Overwhelming support for Bowd recycling site

PUBLISHED: 09:44 02 October 2010

Chris Chandler, senior waste manager DCC, at The Bowd site (Site A)

Chris Chandler, senior waste manager DCC, at The Bowd site (Site A)

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Chris Chandler Devon County Council's senior waste manager, at the Core Hill Road field (Site B)

THERE appears to be overwhelming support for Sidmouth’s new recycling centre to be sited at The Bowd, close to the existing one at Woods Farm.

Nearly 93 percent of comment forms returned to Devon County Council so far, back Site A, an undulating field just a few hundred yards before Woods Farm on the B3177.

All the sites are owned by private landowners and in an Area of Outstanding Natural Beauty.

Whereas Woods Farm is just a quarter of an acre, the new sites proposed will use around two acres of land, giving more room to provide a state-of-the art split-level recycling centre with people able to drop waste into bins rather than climb steps to reach the top of them.

The least favoured site at Sidford, next to the sewage treatment plant (Site C)

The recycling rate at Woods Farm in 2009/10 was 76.7 percent with 5,277 tonnes of waste being handled. This site has to be replaced because the licence expires in 2012. Devon has the best recycling record in England.

DCC’s proposals have attracted a good response among residents, 300 of whom turned up to the council’s public exhibition, showing the three sites. Council officers, including Chris Chandler, senior waste manager, were on hand to answer questions.

Of responses returned, 342 favour The Bowd site, 22, Site B, Core Hill Lane, and just six favour the Sidford site.

Pat Morgan from Sidford, one of the 50 who turned up in the first half hour of the exhibition, said: “I consider The Bowd the best of the three. The one in Sidford is on the same road as the sewage works and if building continues in Sidmouth the way it is they will have to expand the sewage works.”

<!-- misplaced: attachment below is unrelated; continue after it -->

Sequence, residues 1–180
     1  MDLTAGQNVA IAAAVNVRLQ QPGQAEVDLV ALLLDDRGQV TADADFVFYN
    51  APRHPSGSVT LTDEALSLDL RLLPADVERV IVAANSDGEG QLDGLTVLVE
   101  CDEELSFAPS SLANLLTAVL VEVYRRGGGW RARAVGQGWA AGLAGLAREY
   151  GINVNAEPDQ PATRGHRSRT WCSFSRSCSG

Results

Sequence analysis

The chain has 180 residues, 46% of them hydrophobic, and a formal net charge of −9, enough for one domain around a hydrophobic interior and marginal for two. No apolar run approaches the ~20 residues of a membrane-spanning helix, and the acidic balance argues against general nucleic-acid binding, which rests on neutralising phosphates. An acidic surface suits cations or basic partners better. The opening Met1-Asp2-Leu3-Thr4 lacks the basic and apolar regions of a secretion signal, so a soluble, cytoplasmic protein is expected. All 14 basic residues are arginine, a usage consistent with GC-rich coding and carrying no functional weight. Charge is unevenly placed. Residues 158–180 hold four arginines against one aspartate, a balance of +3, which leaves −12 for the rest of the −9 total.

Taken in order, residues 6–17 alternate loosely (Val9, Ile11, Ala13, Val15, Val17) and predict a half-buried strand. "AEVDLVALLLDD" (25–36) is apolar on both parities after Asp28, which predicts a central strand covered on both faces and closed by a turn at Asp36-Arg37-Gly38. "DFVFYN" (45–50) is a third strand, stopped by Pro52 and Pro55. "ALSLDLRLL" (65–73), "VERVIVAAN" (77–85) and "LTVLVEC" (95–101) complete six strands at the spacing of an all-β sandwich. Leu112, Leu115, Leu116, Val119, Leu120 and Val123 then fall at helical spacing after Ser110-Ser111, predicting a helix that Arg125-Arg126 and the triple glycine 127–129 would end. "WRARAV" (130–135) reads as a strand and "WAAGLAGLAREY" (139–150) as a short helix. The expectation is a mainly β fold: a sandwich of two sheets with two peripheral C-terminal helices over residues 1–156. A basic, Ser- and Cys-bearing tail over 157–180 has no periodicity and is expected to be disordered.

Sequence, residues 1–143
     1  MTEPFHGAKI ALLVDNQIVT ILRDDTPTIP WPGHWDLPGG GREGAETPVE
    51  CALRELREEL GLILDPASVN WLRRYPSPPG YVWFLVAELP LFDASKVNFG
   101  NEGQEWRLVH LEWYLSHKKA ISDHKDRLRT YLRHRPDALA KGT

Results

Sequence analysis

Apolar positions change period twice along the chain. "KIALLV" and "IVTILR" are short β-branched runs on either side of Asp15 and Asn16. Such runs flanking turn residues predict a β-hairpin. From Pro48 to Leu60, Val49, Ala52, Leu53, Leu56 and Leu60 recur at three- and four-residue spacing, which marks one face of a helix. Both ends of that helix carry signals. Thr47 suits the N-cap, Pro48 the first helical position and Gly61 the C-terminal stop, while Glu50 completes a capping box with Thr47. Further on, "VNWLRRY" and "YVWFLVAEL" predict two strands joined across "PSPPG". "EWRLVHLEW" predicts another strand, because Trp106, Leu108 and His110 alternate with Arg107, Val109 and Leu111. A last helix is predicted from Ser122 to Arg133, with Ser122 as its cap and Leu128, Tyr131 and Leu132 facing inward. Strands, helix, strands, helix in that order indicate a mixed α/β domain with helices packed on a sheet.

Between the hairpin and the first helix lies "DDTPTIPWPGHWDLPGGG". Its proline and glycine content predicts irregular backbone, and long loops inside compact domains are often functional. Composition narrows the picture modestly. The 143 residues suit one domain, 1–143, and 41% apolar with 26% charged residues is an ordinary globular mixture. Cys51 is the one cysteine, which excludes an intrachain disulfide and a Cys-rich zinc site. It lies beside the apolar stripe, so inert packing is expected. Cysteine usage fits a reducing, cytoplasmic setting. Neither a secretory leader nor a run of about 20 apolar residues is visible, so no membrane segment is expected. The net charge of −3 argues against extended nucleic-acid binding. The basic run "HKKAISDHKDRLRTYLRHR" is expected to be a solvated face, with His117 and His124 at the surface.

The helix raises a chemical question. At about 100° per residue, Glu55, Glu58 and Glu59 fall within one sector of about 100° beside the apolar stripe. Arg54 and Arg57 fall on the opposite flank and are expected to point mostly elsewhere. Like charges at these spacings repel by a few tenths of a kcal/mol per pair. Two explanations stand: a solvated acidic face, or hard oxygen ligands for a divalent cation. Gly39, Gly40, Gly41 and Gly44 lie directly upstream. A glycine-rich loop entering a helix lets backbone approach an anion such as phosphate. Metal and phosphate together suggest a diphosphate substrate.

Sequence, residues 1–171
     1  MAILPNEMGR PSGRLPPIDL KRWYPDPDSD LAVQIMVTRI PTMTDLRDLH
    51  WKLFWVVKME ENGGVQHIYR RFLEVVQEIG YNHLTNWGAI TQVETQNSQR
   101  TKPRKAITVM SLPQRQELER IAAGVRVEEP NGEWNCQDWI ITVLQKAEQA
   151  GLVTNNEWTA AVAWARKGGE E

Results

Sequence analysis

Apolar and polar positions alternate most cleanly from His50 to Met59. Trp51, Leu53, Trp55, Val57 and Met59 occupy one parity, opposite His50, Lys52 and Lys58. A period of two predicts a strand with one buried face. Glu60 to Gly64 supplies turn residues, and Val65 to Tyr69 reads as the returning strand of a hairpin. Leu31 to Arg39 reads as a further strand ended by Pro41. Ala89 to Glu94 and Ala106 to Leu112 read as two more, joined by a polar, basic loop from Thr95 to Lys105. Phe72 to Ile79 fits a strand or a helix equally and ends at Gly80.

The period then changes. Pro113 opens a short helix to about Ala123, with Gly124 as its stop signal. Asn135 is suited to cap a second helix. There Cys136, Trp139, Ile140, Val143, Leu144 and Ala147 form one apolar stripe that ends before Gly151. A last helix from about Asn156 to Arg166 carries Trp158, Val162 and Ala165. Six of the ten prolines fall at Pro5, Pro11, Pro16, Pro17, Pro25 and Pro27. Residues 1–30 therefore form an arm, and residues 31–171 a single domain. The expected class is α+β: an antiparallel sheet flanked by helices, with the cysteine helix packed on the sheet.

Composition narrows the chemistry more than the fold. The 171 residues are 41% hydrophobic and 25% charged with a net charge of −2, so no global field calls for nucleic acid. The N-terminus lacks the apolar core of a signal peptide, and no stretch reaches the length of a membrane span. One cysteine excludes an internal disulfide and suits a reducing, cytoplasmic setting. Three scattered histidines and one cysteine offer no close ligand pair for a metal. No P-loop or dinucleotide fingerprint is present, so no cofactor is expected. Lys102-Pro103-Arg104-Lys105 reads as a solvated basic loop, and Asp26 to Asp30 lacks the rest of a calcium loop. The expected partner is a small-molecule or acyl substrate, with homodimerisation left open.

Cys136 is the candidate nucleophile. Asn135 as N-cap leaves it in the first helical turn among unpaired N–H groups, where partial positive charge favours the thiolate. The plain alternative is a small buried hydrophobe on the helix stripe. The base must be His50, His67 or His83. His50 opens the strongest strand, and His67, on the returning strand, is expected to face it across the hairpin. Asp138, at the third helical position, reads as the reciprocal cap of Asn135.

Joan Lister who lives at Bowd Court, also favours The Bowd site. “Looking at it, it is not going to be a problem and it will be so much easier for me to drop in my garden waste.”

John Jarvis and his wife Sue from Fire Beacon Lane, were concerned the Sidford site would cause traffic problems because of the Sidford Cross traffic lights and also backed The Bowd site.

Mrs Jarvis said: “The Core Hill site might be more visible from the road. This is tucked away and people already use this road. There is less change.”

An Ottery St Mary resident thought the Bowd site more convenient for those living in Ottery, while Sidford resident Jeff Rigg added: “It is a good idea to get people involved. I was going for the one opposite Waitrose but the new road layout means it is not capable of taking the traffic.”

Mr Chandler said an earth bank could be built at the Core Hill site to screen it from houses on the other side of the road. Access to this site would have to be widened, as it would at the Sidford site.

Woods Farm was built in the early 1980s and had one skip. Now there are nine coastal waste bins, two for cardboard, two for garden waste and others for plastics, newspaper, glass, wood, large and small electrical goods and textiles.


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